Pitt can’t hold 2nd half lead, falls 21-20
Another second-half collapse left Pittsburgh’s Big East title
The Panthers squandered a 10-point halftime lead, were limited
to 80 yards of offense in the second half and lost to West Virginia
21-20 on Friday night.
It looked all too familiar in a season of disappointment for the
Panthers (5-6, 3-3 Big East), who also couldn’t hold late leads
against Iowa, Notre Dame and Cincinnati.
”Head-scratching. Don’t understand it. Disappointing,”
Pittsburgh coach Todd Graham said. ”It’s obviously not what we’re
trying to execute. We’re not executing. That’s all I can say about
Pittsburgh’s defense forced three turnovers, but it was West
Virginia’s defense that stood out. The Mountaineers sacked Tino
Sunseri 10 times.
Julian Miller registered four of West Virginia’s 10 sacks. Najee
Goode had two.
”I’m sick to my stomach we lost that game, because our players
did us everything they could,” Graham said. ”We just didn’t get
Graham was a defensive assistant at West Virginia in 2001 and
2002. This was his first as a head coach in the Backyard Brawl,
which faces an uncertain future. Pittsburgh is leaving for the
Atlantic Coast Conference and West Virginia is moving to the Big
12. The athletic directors at both schools have indicated they’d
like to keep the 116-year-old series alive.
West Virginia (8-3, 4-2) can earn a share of the title next week
at South Florida. The Mountaineers also hold slim hopes for earning
the league’s automatic BCS berth but would need some help in a
tight league race.
It appeared, for a while, that West Virginia was in jeopardy of
losing at home for the third time under coach Dana Holgorsen –
something that hadn’t happened since 2001 in Rich Rodriguez’s first
Instead, Holgorsen became the first West Virginia coach to win
his debut in the Backyard Brawl since H.E. Trout in 1903.
”Defensively, we just played tremendous,” Holgorsen said.
Pittsburgh starting running back Zach Brown left the game with
an undisclosed injury just before halftime and backup Isaac Bennett
left the game midway through the third. Bennett would later return,
but Pittsburgh’s offense stalled and West Virginia gained
”It wasn’t just the end of the game, it was all night long. We
had missed opportunities all over the field,” Graham said. ”We
didn’t execute for whatever reason.”
Shawne Alston’s 8-yard TD run midway through the third quarter
cut West Virginia’s deficit to 20-14.
In the fourth quarter, the Mountaineers turned the ball over on
downs and Tyler Urban fumbled the ball away on the Mountaineers’
But a personal foul on Pittsburgh’s Aaron Donald gave West
Virginia a first down at the Panthers’ 28. On fourth-and-7, Geno
Smith hit Tavon Austin for nine yards. Alston followed with an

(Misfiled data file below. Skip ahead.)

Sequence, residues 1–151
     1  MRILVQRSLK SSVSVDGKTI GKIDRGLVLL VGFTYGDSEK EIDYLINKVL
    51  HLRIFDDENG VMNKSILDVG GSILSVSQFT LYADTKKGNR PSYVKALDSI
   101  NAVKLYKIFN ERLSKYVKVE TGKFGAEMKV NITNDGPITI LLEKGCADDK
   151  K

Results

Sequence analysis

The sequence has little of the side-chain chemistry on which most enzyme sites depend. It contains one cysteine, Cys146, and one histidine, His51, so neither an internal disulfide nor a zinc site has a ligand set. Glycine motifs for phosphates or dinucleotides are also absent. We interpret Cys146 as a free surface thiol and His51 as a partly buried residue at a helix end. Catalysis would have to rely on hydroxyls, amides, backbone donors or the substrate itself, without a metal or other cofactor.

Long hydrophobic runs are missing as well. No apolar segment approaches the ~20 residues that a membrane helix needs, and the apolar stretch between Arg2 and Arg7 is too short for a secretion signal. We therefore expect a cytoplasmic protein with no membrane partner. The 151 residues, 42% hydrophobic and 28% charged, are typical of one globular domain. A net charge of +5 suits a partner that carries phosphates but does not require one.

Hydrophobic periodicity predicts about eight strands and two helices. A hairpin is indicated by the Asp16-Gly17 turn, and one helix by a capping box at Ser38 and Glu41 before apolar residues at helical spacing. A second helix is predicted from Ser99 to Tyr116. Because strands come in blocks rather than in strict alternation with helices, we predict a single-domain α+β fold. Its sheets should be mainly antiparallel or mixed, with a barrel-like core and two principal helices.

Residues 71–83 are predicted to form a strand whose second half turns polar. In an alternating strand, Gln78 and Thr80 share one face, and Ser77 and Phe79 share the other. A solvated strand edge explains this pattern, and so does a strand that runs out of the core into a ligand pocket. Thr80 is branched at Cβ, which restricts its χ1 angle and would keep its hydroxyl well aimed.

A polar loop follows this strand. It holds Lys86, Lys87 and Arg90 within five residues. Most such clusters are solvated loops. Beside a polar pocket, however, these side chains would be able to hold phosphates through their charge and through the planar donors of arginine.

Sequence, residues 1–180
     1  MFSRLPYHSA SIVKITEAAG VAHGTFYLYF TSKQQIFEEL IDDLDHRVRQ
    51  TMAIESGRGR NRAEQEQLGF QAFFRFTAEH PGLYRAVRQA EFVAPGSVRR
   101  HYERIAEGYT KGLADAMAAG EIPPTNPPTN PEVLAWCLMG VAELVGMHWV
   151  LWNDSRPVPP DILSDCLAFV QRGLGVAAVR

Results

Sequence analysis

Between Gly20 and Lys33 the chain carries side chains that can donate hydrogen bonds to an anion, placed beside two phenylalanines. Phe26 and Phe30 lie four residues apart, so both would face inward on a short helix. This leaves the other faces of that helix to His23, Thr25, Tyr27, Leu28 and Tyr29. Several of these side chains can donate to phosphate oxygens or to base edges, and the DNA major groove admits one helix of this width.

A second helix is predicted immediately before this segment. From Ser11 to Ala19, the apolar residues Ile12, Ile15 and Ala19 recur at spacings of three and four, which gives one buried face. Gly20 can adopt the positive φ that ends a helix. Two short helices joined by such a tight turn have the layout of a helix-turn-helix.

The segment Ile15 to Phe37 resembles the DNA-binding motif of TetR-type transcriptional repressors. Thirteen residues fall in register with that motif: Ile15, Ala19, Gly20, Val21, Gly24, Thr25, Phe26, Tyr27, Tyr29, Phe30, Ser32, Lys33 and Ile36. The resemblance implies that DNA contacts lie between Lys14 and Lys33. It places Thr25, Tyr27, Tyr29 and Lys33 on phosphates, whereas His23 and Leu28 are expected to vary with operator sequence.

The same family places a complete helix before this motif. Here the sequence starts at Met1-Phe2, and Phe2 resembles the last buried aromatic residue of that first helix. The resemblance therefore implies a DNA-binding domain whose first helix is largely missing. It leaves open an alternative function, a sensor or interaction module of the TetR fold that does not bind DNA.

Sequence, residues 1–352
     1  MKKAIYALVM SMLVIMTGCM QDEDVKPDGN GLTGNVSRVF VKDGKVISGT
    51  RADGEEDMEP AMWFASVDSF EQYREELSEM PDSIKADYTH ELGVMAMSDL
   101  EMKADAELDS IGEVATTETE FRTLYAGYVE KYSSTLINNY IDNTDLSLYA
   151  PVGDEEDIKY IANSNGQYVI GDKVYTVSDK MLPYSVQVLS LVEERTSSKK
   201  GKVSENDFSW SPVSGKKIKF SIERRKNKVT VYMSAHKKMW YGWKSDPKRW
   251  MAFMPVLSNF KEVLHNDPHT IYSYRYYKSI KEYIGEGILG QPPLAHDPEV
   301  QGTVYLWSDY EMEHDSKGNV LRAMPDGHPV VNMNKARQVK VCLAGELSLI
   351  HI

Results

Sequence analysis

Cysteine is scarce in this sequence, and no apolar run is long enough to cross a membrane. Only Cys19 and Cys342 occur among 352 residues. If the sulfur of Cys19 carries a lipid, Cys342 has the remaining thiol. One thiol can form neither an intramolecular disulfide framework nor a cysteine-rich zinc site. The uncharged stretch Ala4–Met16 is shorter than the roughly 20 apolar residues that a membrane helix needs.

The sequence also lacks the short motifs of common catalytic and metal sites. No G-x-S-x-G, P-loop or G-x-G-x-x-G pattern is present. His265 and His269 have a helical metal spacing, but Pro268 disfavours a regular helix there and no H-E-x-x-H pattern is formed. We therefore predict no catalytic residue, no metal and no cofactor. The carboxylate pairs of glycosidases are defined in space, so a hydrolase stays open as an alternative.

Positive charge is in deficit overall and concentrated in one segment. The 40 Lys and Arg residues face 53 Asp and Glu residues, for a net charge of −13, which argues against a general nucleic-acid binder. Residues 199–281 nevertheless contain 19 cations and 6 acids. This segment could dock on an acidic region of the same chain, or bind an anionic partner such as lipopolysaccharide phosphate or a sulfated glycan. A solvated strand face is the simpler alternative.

11-yard run and then ran in the go-ahead score with 6:10 left to
cap the 83-yard drive and give West Virginia its first lead of the
Pittsburgh was forced to punt with 2:30 left and got one last
chance from its own 34 after West Virginia went three-and-out.
Sunseri ran for a first down on fourth-and-1. But he was called for
intentional grounding on the next play and was sacked four times on
the final drive before the clock ran out.
Sunseri went 12 of 23 for 137 yards.
Mistakes on West Virginia’s special teams contributed to
Pittsburgh’s first 17 points.
West Virginia’s George Wright was called for a low block on a
missed field goal try by Pittsburgh in the first quarter. Brown
scored from a yard out five plays later.
Freshman Michael Molinari’s 22-yard punt late in the first
quarter set up Pittsburgh near midfield, and the Panthers scored in
five plays, with Bennett going in from 6 yards out for a 14-0
Molinari’s next punt went 27 yards and he was replaced by Corey
Smith, who was stellar the rest of the game. West Virginia punted
on six of its eight first-half possessions, went 0-for-6 on third
down and was held to 141 total yards before halftime.
A bouncing Pitt punt went off West Virginia’s Ishmael Banks and
the Panthers recovered at the West Virginia 33, leading to a field
goal for a 17-7 halftime lead.
The special teams follies continued in the third quarter. Austin
fumbled a punt and Pittsburgh recovered at the Mountaineers 16,
leading to another Kevin Harper field goal.
West Virginia replaced two of its offensive linemen early in the
third and ran for 44 yards on the go-ahead drive.
”We never say die,” Geno Smith said. ”We never quit.”
Smith completed 22 of 31 passes for 244 yards and set
single-season school records for pass completions (291), attempts
(448) and yards (3,741), formerly held by Marc Bulger in 1998.
Midway through the second quarter, West Virginia’s Stedman
Bailey caught a long pass over the middle and appeared to be hemmed
in by three defenders, but he reversed course and scored on a
63-yard pass play.
Bailey caught three passes for 80 yards, giving him a
school-record 1,117 yards, breaking the old mark of 1,043 set by
David Saunders in 1996. Austin’s 10 catches for 102 yards gave him
82 receptions, breaking the school record of 77 shared by two
others. He now has 1,009 yards on the season, giving the
Mountaineers two 1,000-yard receivers for the first time in one